Baltimore Trucking Accident Lawyers: New Drug Screening Method

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This fall, Congress will hear arguments regarding a new bill that will change the way many trucking companies screen drivers for drug use. The bill, named the Drug Free Commercial Driver Act, would direct the Department of Transportation, along with the Department of Health and Human Services, to issue regulations that would allow motor carriers to use hair follicle testing as an alternative to urinalysis to screen drivers for substance abuse. The tests would be used in pre-employment screening and random testing programs.

The Act has the support of American Trucking Association (ATA) officials, who contend that hair testing is both more accurate and harder to beat than urinalysis. Additionally, hair follicle tests are able to detect drug use over a 90-day period, compared to only several days with a urine test.   

Many of the largest trucking companies already use hair follicle drug testing to screen job applicants. However, because the method is currently not recognized by the Department of Transportation, positive test results are not reported to other potential employers or included in a database of drivers who have tested positive for drug or alcohol abuse. In a letter addressed to senators, ATA President Bill Graves admitted that the organization is aware of thousands of truck drivers who have tested positive for illegal drug use on hair tests at one company, then gone on to take a driving position with another carrier because they were able to pass the DOT-required urine test. Several of these truck drivers have subsequently been involved in a drug-related trucking accident, and without a change in the system, future crashes are likely.

The bill is not without opposition, however. Several labor groups have argued that hair-testing method can lead to false positive results, claiming that a specimen can test positive for a drug that its donor was merely exposed to, but not ingested. Others have expressed concerns over racial bias, referring to studies that show darker and more porous hair retains drugs at a greater rate than lighter hair.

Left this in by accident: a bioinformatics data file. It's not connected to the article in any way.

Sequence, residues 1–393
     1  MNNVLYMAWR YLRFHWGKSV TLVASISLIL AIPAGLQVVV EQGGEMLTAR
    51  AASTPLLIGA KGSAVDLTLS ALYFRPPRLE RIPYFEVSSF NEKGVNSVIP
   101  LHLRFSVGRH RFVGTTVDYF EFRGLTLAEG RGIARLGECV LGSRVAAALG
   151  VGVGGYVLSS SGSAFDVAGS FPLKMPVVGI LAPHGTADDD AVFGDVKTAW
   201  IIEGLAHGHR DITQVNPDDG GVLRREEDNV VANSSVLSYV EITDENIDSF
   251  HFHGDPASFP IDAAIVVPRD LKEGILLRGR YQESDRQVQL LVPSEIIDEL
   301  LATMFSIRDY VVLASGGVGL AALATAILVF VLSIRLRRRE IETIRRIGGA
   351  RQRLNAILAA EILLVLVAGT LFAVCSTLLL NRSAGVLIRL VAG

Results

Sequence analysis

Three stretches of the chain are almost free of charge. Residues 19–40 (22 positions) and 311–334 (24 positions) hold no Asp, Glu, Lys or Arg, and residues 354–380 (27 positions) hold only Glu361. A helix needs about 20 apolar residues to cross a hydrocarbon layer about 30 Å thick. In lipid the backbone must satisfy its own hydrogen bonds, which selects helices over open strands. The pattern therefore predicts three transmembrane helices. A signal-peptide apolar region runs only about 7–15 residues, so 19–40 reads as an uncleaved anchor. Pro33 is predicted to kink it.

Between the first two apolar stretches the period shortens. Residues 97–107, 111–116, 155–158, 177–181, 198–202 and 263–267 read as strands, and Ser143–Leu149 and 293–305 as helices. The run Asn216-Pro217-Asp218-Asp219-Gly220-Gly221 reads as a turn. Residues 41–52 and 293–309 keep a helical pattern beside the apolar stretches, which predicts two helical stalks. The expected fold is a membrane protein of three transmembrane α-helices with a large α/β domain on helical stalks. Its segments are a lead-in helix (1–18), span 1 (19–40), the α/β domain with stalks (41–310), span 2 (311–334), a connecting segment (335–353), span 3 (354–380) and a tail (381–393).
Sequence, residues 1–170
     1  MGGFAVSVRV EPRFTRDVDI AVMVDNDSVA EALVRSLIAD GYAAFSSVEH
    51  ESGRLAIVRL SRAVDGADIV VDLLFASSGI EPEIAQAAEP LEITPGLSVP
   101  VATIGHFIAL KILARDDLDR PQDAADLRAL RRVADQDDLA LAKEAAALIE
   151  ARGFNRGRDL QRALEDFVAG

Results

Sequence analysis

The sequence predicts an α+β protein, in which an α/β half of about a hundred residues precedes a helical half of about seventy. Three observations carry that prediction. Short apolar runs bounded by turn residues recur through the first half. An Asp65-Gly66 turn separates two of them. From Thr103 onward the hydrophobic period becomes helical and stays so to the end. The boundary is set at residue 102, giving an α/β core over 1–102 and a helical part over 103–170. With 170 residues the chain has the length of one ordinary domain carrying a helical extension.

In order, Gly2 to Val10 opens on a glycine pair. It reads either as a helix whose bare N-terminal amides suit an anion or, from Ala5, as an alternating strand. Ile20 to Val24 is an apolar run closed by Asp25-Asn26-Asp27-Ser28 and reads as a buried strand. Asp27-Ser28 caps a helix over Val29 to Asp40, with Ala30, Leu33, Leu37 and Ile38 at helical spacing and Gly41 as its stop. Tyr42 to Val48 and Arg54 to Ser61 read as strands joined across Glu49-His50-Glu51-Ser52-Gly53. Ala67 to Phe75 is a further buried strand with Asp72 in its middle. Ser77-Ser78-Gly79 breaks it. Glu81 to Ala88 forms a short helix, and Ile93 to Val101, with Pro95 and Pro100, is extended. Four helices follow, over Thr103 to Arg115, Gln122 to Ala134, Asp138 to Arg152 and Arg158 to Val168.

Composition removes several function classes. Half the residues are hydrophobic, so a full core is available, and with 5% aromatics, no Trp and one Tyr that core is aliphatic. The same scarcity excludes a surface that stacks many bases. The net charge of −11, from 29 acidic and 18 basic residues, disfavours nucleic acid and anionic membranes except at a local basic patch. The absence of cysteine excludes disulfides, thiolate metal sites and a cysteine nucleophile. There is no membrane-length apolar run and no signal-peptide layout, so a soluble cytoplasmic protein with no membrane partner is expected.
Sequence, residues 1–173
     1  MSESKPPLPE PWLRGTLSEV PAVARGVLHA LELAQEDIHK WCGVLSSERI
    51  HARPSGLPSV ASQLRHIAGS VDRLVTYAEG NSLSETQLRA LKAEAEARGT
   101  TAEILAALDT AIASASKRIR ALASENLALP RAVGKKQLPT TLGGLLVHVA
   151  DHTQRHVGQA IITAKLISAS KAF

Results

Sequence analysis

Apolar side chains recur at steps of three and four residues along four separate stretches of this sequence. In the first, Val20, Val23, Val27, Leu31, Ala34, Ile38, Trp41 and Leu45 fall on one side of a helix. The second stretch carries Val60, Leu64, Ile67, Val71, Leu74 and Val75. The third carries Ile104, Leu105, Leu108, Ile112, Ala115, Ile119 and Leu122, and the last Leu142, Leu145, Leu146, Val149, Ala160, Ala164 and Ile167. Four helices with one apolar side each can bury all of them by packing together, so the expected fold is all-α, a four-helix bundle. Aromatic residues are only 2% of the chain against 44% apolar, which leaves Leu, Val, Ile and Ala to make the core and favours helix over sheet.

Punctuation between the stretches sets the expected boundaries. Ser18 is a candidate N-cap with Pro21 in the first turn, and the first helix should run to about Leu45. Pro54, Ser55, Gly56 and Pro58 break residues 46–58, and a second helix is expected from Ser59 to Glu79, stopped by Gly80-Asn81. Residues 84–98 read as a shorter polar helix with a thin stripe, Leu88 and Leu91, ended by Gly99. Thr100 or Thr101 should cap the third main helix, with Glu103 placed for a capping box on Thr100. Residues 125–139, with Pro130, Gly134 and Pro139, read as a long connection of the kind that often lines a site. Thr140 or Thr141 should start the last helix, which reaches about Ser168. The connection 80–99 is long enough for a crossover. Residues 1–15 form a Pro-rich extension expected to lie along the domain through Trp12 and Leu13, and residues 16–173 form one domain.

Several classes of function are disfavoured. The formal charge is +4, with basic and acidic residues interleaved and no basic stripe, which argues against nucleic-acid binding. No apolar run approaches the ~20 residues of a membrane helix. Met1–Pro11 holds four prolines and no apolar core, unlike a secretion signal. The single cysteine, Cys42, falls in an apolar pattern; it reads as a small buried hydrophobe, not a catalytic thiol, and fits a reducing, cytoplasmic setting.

Drugs Play Major Role in Truck Accidents

Drug use by truck drivers is a major factor in both fatal and non-fatal truck accidents. The overwhelming majority of truck accident injuries involve passenger vehicle occupants. However, when drugs are involved, there is also a very high percentage of truck driver fatalities as well. Studies conducted by the National Highway Transportation Safety Board reveal that up to 35% of all truck drivers killed in truck accidents test positive for some type of illegal drug. In accidents caused by truck driver fatigue, 33% also test positive for drug use. The drugs most commonly used by truck drivers include alcohol, marijuana, cocaine, amphetamines/methamphetamines and other stimulants.

Current federal regulations require trucking companies to conduct random drug and alcohol tests on drivers. Federal and state safety inspectors also have authority to conduct random roadside inspections of commercial vehicles and their drivers. In 2013, 2,095 drivers were found to be in violation of federal rules governing alcohol consumption during a random roadside inspection and placed immediately out-of-service. That same year, 1,240 drivers were also taken off duty for violating regulations governing controlled substances. The hope is that with the adoption of the new testing method, fewer drug using-truck drivers will be allowed on the road and less innocent lives will be lost in truck crashes.

Maryland Trucking Accident Lawyers at LeViness, Tolzman & Hamilton Obtain Justice and Compensation for Victims of Truck Accidents

If you or someone you love has been seriously injured in a truck accident caused by a driver who was impaired by drugs or alcohol, Maryland trucking accident lawyers at LeViness, Tolzman & Hamilton can help. Call 800-547-4LAW (4529) today to discuss your possible claim with one of our highly skilled Maryland truck accident lawyers, or submit an online contact form.

Our offices are located in Baltimore, Columbia, Glen Burnie and Towson, allowing us to represent truck accident victims and their families throughout Maryland, including those in Anne Arundel County, Carroll County, Harford County, Howard County, Montgomery County, Maryland’s Western Counties, Southern Maryland and the Eastern Shore, as well as the communities of Catonsville, Essex, Halethorpe, Middle River, Rosedale, Gwynn Oak, Brooklandville, Dundalk, Pikesville, Parkville, Nottingham, Windsor Mill, Lutherville, Timonium, Sparrows Point, Ridgewood and Elkridge.